• Appearing intoxicated with slurred speech, slow movements and poor coordination
  • Irregular heartbeats
  • Tremors
  • Lingering odor of inhalant material
  • Rash around the nose and mouth
Opioid Painkillers

Opioids are narcotic, painkilling drugs produced from opium or made synthetically. This class of drugs includes, among others, heroin, morphine, codeine, methadone and oxycodone.


Sometimes called the "opioid epidemic," addiction to opioid prescription pain medications has reached an alarming rate across the United States. Some people who've been using opioids over a long period of time may need physician-prescribed temporary or long-term drug substitution during treatment.


Signs and symptoms of narcotic use and dependence can include:


  • Reduced sense of pain
  • Agitation, drowsiness or sedation
  • Slurred speech
  • Problems with attention and memory
  • Constricted pupils
  • Lack of awareness or inattention to surrounding people and things
  • Problems with coordination
  • Depression
  • Confusion
  • Constipation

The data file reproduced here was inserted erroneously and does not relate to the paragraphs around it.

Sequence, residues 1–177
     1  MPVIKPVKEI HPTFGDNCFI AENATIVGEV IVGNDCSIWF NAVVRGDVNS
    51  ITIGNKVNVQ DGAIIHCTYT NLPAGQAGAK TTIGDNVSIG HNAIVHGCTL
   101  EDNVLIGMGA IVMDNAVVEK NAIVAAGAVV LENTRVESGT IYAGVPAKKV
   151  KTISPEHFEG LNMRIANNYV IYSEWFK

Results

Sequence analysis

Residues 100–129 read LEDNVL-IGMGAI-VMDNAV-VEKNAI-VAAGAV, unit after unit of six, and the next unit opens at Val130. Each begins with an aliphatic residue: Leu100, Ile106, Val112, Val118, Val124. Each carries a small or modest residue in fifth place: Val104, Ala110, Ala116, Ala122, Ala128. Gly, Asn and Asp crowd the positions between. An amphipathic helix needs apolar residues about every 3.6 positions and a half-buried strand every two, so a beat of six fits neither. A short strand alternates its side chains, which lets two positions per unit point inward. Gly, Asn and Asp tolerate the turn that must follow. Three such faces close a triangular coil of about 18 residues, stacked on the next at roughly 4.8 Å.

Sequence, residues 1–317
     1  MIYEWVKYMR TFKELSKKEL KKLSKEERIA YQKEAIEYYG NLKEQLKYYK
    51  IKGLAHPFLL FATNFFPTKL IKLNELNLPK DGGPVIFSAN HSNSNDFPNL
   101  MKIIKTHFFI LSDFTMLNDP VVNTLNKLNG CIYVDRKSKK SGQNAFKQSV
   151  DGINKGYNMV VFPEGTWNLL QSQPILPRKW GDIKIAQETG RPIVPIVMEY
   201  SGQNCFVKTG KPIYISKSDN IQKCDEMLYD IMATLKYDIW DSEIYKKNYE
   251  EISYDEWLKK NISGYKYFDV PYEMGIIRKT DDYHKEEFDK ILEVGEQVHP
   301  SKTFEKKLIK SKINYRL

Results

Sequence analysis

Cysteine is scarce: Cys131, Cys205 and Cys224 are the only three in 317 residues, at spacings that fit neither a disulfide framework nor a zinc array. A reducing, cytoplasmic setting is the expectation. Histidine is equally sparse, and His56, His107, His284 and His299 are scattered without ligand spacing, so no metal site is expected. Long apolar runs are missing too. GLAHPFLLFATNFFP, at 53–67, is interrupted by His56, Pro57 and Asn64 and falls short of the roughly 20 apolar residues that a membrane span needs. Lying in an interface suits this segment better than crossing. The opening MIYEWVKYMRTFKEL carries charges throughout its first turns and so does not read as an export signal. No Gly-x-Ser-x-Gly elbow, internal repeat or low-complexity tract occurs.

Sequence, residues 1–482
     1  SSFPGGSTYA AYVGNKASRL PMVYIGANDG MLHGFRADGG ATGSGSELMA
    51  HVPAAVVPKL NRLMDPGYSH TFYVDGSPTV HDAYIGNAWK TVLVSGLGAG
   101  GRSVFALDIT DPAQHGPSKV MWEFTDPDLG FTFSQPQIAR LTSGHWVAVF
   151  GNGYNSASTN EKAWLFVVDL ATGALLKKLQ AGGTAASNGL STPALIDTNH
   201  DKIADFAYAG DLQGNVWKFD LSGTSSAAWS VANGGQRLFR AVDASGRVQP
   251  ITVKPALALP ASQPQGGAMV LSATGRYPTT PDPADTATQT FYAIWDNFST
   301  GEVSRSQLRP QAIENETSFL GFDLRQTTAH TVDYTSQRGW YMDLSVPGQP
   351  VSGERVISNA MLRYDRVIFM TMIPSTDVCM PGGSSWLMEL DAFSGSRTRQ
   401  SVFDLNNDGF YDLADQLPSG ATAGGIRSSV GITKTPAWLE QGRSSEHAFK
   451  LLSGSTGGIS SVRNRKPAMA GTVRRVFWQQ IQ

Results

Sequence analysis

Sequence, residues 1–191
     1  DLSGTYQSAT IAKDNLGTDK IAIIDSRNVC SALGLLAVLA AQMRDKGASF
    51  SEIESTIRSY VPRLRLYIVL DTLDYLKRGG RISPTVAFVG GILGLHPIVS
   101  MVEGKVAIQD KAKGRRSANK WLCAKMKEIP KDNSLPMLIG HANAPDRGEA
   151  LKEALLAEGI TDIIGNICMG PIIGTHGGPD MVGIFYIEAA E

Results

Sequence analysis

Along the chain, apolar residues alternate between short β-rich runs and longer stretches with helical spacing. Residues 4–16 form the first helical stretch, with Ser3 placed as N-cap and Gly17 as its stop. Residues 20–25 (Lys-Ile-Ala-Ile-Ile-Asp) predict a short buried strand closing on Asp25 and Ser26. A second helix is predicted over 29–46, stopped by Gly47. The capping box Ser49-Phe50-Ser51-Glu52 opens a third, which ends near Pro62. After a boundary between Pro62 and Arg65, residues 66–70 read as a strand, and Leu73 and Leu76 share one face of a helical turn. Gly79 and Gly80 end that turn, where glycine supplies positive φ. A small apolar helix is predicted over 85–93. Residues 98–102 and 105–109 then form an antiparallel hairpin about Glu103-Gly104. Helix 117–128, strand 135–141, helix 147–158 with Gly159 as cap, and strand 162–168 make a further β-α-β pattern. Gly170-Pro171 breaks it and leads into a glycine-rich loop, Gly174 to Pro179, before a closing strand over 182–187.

• Runny nose or nose sores (if snorting drugs)
  • Needle marks (if injecting drugs)

When to seek help ?

If your drug use is out of control or causing problems, get help. The sooner you seek help, the greater your chances for a long-term recovery. Talk with your primary doctor or see a mental health professional, such as a doctor who specializes in addiction medicine or addiction psychiatry, or a licensed alcohol and drug counselor. You can contact us today for a free assessment or help if you or a loved one is struggling with drug addiction.


Make an appointment with us today, if:

  • You can't stop using a drug
  • You continue using the drug despite the harm it causes
  • Your drug use has led to unsafe behavior, such as sharing needles or unprotected sex
  • You think you may be having withdrawal symptoms after stopping drug use

Addicted to Drugs

For details of how Mudita Cara can provide you with assistance regarding drug addiction treatment and rehabilitation, please call +27 81 037 2349